Chinese officials warned their US counterparts as early as the summer that they might detain Americans in China if the US does not stop prosecuting Chinese academics linked to the Chinese military, the Wall Street Journal (WSJ) reported on Saturday, citing people familiar with the matter.
China sent repeated warnings through multiple channels, including the US embassy in Beijing, the report said.
The message has been blunt: The US should drop prosecutions of the Chinese academics in US courts, or Americans in China might find themselves in violation of Chinese law, the newspaper cited sources as saying.
The US has charged several Chinese scientists who were conducting research at US universities with concealing ties to the Chinese People’s Liberation Army.
The prosecutions have become a flash point of tension between the US and China, which have since closed each other’s diplomatic missions in Houston, Texas, and Chengdu in Sichuan Province.
The arrests were the subject of a WSJ article that also reported US allegations that Chinese diplomats were coordinating activities with the researchers, and described that as a factor in ordering China to close its Houston consulate in July and remove the remaining military scientists from the country.
A US Department of State spokesman declined to address the specifics of the newspaper report, the paper said.
“We are aware that the Chinese government has, in other instances, detained American, Canadian and other individuals without legal basis to retaliate against lawful prosecutions and to exert pressure on their governments, with a callous disregard of the individuals involved,” the newspaper quoted US Assistant Attorney General for National Security John Demers as saying.
The Hill newspaper in Washington quoted a department spokesman as saying: “We warn US citizens that business disputes, court orders to pay a settlement, or government investigations into both criminal and civil issues may result in an exit ban which will prohibit your departure from China until the issue is resolved.”
“Even individuals and their family members who are not directly involved, or even aware of these proceedings, can be subject to an exit ban,” the spokesperson added.
In a Sept. 14 update to its travel advisories for China and Hong Kong, the department urged US citizens to reconsider travel to those areas “due to COVID-19 and risk due to arbitrary enforcement of local laws.”
The advisory also warned that Chinese government officials might detain citizens of other nations in an effort “to gain bargaining leverage over foreign governments.”
Chinese Ambassador to Canada Cong Peiwu (叢培武) on Thursday was rebuked by Canada’s foreign minister after warning at a news conference earlier in the day that Ottawa’s granting asylum to Hong Kong pro-democracy protesters could jeopardize the “health and safety” of 300,000 Canadians living in territory as well as Canadian companies doing business there.
MEMORIAL SERVICE: President Tsai spoke at a service at Chihhang Air Base to honor captain Chu Kuan-meng, who died after ejecting from his F-5E on Oct. 29 An air force F-16 jet went missing off the east coast of Taiwan last night, and search and recovery operations were ongoing as of press time, the Ministry of National Defense said. The F-16 disappeared from radar screens at 6:07pm 9 nautical miles (17km) northeast of Hualien Air Base, two minutes after taking off from the base as part of a nighttime training exercise, the ministry said. The F-16, serial number 6672, was piloted by Colonel Chiang Cheng-chih (蔣正志), it said. A National Rescue Command Center statement said that a Black Hawk helicopter and Coast Guard Administration vessels had been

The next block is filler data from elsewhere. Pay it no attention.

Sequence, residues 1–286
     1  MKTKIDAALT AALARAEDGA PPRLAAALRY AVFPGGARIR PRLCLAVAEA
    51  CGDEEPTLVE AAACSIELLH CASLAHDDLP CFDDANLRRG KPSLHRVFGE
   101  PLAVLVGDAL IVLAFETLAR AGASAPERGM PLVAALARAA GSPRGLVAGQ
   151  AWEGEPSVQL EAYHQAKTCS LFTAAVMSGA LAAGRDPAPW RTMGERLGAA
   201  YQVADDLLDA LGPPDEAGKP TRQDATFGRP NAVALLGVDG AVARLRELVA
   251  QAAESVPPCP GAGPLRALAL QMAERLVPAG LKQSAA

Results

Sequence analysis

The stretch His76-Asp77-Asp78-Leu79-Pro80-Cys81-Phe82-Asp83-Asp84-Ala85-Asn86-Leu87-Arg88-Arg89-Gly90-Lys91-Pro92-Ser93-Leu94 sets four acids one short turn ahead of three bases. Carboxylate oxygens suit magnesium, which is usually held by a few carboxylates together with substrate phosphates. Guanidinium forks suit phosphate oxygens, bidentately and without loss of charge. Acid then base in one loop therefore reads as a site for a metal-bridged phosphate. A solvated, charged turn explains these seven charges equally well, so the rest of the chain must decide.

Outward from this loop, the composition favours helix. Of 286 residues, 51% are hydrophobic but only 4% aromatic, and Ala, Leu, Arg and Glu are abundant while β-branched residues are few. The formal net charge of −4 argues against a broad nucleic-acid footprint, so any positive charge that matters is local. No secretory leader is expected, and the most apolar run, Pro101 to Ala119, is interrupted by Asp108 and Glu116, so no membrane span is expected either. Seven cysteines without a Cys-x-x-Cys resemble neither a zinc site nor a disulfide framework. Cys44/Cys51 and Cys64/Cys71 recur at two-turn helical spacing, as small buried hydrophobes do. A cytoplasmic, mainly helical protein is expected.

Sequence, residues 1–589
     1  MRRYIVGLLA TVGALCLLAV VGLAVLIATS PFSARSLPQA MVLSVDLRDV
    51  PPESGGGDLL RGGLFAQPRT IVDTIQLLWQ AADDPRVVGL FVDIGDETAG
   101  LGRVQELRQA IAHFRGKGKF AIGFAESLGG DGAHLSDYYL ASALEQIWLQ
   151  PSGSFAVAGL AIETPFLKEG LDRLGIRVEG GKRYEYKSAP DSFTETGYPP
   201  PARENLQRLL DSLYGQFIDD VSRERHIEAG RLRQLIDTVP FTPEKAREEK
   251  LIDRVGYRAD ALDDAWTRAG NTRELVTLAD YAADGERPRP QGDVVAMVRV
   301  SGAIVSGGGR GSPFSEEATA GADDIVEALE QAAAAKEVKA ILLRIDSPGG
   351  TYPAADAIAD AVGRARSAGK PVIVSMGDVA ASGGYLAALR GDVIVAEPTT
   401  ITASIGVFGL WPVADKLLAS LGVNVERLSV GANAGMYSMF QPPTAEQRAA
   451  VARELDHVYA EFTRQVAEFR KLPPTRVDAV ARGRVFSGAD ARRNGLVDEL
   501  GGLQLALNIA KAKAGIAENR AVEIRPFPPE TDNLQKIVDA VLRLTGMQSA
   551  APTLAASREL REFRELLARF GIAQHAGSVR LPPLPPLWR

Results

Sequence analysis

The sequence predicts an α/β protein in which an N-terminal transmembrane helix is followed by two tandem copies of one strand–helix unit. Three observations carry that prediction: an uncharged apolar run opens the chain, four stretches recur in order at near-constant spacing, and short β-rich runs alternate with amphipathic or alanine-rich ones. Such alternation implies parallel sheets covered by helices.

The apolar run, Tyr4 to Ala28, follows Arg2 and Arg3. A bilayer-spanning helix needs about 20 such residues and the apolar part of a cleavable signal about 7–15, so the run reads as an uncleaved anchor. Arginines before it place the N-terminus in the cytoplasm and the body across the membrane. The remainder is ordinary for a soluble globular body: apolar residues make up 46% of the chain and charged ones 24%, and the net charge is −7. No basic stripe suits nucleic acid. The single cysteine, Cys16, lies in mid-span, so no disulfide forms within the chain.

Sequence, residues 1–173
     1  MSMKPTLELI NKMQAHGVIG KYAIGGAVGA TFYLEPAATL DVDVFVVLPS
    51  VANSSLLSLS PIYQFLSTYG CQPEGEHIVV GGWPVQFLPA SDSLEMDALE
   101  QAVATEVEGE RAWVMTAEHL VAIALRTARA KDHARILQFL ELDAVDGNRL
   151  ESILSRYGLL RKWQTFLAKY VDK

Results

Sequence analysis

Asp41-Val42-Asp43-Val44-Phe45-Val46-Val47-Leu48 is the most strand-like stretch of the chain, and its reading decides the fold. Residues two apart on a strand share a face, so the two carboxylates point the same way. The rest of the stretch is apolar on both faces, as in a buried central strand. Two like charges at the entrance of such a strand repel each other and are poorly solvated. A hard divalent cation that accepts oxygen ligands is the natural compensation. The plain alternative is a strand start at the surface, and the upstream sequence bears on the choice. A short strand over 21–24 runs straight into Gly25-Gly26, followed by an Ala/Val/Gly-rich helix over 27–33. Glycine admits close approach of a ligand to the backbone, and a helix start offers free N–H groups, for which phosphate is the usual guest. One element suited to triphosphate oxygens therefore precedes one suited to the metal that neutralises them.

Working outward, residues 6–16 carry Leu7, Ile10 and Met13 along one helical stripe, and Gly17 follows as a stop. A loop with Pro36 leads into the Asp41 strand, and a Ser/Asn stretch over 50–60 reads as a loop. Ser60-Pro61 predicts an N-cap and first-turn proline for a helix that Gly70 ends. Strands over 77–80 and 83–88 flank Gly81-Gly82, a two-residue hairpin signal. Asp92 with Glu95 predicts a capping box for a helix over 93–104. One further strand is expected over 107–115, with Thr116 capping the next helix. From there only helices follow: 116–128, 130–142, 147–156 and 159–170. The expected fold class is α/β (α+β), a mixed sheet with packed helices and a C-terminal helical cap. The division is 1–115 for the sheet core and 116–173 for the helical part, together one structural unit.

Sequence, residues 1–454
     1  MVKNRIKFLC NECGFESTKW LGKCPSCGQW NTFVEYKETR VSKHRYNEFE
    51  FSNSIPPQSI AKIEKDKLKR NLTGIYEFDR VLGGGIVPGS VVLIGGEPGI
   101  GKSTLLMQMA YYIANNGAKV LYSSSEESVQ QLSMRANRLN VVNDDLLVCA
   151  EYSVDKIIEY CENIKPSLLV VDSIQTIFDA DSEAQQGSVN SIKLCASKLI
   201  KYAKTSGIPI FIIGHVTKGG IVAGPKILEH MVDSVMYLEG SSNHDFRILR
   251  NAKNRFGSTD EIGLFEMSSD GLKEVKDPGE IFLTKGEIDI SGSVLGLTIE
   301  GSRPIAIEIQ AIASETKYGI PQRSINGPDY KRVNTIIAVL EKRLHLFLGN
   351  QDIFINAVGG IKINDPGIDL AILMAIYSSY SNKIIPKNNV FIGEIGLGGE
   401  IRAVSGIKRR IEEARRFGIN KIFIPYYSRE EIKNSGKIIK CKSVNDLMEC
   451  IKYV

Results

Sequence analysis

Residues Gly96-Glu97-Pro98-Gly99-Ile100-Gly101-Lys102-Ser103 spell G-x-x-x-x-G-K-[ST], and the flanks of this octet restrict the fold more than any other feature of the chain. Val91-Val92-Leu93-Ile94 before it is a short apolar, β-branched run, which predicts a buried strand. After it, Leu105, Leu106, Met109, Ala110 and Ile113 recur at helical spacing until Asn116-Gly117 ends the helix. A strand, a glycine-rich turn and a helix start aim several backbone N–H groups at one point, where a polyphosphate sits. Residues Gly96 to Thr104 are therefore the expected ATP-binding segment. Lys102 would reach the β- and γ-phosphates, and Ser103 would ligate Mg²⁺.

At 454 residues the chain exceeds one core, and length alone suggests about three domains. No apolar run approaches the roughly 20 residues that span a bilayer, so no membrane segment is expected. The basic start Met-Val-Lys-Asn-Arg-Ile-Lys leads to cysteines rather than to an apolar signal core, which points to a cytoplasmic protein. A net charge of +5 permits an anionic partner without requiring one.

SUPPORT: Reporters Without Borders said that it stands behind the legitimacy of the commission’s probe and that press freedom does not mean the absence of oversight National Communications Commission (NCC) commissioners yesterday reached a unanimous decision to reject CTi News’ (中天新聞台) license renewal application on the grounds that the channel’s frequent contraventions of media regulations showed that it has a malfunctioning internal control mechanism that cannot be rectified. This was the first time since it was established in 2006 that the commission denied a license renewal to a news channel. NCC Chairman Chen Yaw-shyang (陳耀祥) announced the landmark decision at the commission’s weekly media briefing. The commission denied the renewal request because the news channel was fined a total of NT$11.53 million (US$400,932) for 25 breaches of media regulations
AUTUMN STRUGGLE: The KMT and TPP set up stages on the rally’s sidelines, while Want Want boss Tsai Eng-meng said the DPP was curtailing freedom of speech Tens of thousands of people in Taipei yesterday took part in the “Autumn Struggle” (秋鬥) — an annual protest march by labor groups — but with this year’s focus on rejecting the government’s plan to allow imports of US pork containing ractopamine residue. “Against poisonous pork, against double standards, against a party-state,” the protesters, mostly wearing black, chanted in front of the rally’s main stage on Ketagalan Boulevard at about noon, before a parade set off at 2pm. Autumn Struggle spokesperson Lee Chien-cheng (李建誠) said this year’s march was divided into three teams, with the first team urging food safety and labor
An investigation has found no mechanical problems underlying the Tuesday disappearance of an F-16 jet and its pilot, the Ministry of National Defense (MND) said yesterday, adding that it does not rule out an accident due to “spatial disorientation.” An air force F-16 jet on Tuesday evening disappeared from radar screens, just two minutes after it took off from Hualien Air Base, while the 44-year-old pilot, Colonel Chiang Cheng-chih (蔣正志), has yet to be found. Minister of National Defense Yen De-fa (嚴德發) yesterday morning headed to Hualien for updates on the search and rescue, while giving a pep talk to Chiang’s unit,